Kilimanjaro is, after all, a hike. It’s not quite an expedition, but more like a long weekend trek. It’s a pleasant trek because it passes across several distinct plant zones. Guiding is required. You generally have porters as well, so trekking with just a little day bag and a few hours a day is really comfortable. Summit day is just like any other trek, except that you have to start early because of some bizarre obsession with the sunrise – I think they’re just trying to make these 6 hours or so seem longer than they are. For the great majority of individuals, altitude is not a concern. For practically any reasonably fit hiker, this is the place to be. It was a wonderful trek. There aren’t any technical paths to take. It’s a lovely African colossus.
Which one is higher, Aconcagua or Kilimanjaro?
Aconcagua measuring 6,961 meters above sea level is far higher the Mount Kilimanjaro at 5.895 meters and is not located on the equator. While the primary route is still mostly a trek, it is not intended to be a long weekend excursion. You’re on a considerably more adventurous mission here, with the weather playing a major influence (not really a factor on Kilimanjaro). I spent the greatest amount of time on a permit (3 weeks vs. 5 days). There are both technical and extremely tough paths up. It’s a significant difficulty increase from Kilimanjaro. Kilimanjaro has a low mortality rate compared to the number of summits; on Aconcagua. Kilimanjaro does not have many expert climbers dying.
The guides’ risk-taking abilities are also unrivaled:
Climbing Aconcagua is more dangerous than Kilimanjaro
Because of the dangers, guides in Aconcagua are exceedingly cautious and always stick to the plan. Daily medical tests are conducted (although feeling well, one of the guys had to climb down owing to low blood oxygen saturation);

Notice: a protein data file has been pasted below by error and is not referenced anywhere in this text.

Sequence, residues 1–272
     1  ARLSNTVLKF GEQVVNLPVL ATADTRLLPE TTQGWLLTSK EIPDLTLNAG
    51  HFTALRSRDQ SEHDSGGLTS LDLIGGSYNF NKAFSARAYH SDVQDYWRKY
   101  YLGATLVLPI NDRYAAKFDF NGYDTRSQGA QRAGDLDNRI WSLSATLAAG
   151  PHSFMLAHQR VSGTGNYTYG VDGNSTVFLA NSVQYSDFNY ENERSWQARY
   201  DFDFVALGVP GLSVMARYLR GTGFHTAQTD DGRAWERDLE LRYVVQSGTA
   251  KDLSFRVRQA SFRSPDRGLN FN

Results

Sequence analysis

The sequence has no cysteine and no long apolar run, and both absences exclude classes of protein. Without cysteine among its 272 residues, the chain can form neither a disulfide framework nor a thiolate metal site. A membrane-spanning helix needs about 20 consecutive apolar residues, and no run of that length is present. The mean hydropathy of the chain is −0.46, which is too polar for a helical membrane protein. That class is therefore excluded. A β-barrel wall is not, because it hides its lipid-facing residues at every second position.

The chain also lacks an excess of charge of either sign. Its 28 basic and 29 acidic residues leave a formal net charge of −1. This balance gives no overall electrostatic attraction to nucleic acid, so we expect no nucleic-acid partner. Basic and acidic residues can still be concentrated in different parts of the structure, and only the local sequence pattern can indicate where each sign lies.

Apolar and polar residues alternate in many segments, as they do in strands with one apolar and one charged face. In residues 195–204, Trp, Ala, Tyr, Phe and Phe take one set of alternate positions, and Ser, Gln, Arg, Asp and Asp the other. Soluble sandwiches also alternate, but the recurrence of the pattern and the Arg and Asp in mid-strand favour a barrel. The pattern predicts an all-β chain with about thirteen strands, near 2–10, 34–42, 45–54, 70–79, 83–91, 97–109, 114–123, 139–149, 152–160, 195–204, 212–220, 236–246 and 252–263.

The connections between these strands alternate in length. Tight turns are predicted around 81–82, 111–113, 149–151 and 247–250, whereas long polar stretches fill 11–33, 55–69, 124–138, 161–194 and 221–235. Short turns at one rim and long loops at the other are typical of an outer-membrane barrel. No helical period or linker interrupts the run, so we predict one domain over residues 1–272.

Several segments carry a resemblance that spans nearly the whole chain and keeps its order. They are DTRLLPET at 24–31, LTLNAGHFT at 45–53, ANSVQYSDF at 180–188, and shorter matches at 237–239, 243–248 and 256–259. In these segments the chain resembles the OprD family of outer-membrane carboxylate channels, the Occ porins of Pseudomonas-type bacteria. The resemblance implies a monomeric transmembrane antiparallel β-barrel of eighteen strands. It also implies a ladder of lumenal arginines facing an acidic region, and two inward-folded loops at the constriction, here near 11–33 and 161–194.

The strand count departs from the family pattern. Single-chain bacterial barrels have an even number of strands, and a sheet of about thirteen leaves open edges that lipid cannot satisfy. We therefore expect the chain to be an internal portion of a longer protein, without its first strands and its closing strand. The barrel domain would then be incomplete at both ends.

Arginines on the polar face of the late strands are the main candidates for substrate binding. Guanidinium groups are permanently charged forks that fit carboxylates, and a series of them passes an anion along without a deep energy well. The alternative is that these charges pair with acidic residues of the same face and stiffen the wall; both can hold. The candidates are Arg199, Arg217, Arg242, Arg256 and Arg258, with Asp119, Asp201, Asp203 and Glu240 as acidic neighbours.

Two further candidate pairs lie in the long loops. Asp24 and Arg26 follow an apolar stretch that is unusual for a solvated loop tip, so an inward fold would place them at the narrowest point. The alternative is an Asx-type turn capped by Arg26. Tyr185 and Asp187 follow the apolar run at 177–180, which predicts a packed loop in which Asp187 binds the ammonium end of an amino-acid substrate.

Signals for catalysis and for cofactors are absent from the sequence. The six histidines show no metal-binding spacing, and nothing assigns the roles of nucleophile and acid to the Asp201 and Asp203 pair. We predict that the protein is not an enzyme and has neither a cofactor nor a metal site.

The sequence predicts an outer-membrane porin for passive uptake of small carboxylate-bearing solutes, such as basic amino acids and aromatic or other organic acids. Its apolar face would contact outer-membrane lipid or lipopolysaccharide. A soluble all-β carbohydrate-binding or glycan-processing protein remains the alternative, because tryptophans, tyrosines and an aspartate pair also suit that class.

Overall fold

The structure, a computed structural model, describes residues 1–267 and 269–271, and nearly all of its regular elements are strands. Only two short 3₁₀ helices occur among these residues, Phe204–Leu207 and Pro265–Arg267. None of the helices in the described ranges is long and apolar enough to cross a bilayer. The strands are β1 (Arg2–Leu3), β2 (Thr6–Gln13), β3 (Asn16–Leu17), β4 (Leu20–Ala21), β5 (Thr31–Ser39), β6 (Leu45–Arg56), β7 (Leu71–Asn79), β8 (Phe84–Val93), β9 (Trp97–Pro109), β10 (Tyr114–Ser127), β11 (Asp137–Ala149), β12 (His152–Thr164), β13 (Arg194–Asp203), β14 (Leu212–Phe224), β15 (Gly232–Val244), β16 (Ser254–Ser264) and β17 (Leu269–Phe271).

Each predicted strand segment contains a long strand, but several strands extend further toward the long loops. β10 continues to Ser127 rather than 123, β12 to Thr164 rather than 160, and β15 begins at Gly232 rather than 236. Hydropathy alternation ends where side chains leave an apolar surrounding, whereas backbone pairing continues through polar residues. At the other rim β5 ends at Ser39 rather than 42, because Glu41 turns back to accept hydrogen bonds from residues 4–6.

On the other side, in Kilimanjaro, can be improvised by choosing a different path than the one originally intended in order to save a day on the way up, altitude sickness is the most dangerous thing to happen to climbers on Mount Kilimanjaro.
Kilimanjaro’s preparedness is geared for tourists visiting from the Serengeti. Before attempting Aconcagua, it is advised that you have completed a marathon.
Should I Climb Aconcagua or Kilimanjaro?
Climbing the highest mountain on one or more of the world’s seven continents is an admirable aim, and I comprehend why you and so many others choose Tanzania’s Mount Kilimanjaro and Argentina’s Aconcagua.
Climbs on the main routes to the summits are more commonly referred to as “long hikes” than true mountaineering trips. Nonetheless, they might be difficult to deal with. Both hikes are strenuous and will require many days to accomplish. You’ll also have to contend with the unpredictability of the weather on them, as well as the thin air of high altitude and the possibly hazardous symptoms of altitude sickness. As a result, there’s no assurance you’ll make it to the top of either.
Which one, though, would I suggest? Not so fast, my friend. Let’s go over the advantages and disadvantages so you can make an educated selection.